Life history: Salvinia minima has three separate growth stages. In the primary stage, a small number of fern buds are introduced to a new environment, where they lie flat on the surface of the water. As the ferns grow into their secondary stage, their leaves being begin to curl upwards when the plants crowd against each other as they spread, while in the final tertiary stage, the leaves can become almost vertical due to crowding as the plants form a mat covering the water surface (Tewari and Johnson 2011).
The continuous branching and fragmentation of rhizomes turns out large volumes of vegetative daughter plants throughout the growing season. Copious hairy coverings minimize the desiccation of plants spotted on boats, trailers, alligators, turtles, and even dogs leaving the water. Lateral buds deeply imbedded in the rhizome, may lie dormant during periods of reduced moisture and cold temperature. Small rhizome fragments, commonly sheltered in associating vegetation, provide material for reintroduction on the return of favorable growing conditions.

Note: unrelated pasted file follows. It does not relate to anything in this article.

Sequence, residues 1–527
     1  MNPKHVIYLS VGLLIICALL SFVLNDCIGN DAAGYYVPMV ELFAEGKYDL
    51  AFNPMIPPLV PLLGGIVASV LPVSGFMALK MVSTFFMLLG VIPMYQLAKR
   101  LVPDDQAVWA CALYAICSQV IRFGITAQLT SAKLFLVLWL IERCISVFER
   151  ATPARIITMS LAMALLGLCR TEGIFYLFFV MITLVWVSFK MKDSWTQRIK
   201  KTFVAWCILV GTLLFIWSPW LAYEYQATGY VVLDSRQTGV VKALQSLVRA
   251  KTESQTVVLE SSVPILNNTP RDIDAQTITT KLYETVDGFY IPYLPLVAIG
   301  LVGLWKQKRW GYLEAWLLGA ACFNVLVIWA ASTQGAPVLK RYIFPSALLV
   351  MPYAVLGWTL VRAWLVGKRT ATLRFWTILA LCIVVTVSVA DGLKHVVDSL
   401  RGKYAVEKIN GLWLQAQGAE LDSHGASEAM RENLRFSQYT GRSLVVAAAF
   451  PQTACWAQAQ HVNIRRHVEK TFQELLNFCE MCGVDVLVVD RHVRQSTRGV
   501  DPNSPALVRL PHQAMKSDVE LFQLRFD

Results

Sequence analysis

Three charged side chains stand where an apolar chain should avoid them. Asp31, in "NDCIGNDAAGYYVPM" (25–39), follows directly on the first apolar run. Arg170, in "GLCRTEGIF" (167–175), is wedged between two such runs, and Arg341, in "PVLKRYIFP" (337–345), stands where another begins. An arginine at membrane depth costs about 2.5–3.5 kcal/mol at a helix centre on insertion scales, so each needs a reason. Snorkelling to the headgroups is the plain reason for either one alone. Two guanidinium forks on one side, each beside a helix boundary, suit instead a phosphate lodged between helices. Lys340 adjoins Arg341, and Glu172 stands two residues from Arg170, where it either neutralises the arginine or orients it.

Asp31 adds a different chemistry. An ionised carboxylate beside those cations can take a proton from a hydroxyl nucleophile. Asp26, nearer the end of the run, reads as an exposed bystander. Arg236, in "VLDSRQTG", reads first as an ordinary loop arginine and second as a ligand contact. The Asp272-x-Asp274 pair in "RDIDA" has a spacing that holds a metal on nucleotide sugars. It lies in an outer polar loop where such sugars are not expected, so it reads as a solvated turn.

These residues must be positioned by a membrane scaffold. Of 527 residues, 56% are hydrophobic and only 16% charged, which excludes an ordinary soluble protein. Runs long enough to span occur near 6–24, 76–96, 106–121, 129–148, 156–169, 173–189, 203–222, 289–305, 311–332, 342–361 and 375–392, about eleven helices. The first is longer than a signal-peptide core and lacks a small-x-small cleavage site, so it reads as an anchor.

Habitat: Salvinia minima prefers shallow backwaters of bayous, lakes and ponds, oxbows, ditches, slow flowing streams, cypress swamps, and marshes (Lellinger 1985, Nauman 1993, Jacono et al. 2001). Like Salvinia molesta, S. minima is vulnerable to conditions of salinity. Biologists along the coast of southeastern Texas find Salvinia minima in their coastal study sites only during wintertime, when freshwater outflow is high and salinity measurements decline to 4 – 7 ppt. They regularly control Salvinia minima, and improve waterfowl habitat, by opening gates to allow saline water from the Gulf of Mexico into the bayous (Kirk Blood, Texas Parks and Wildlife Department, Port Arthur, Texas, pers. comm.). During August, on the Waterhole Branch of the Fish River, Alabama, Salvinia minima was registered as growing well with surface water salinity levels at 4 –5 ppt. (Scott Phipps, Weeks Bay National Estuarine Research Reserve, AL, pers. comm.).
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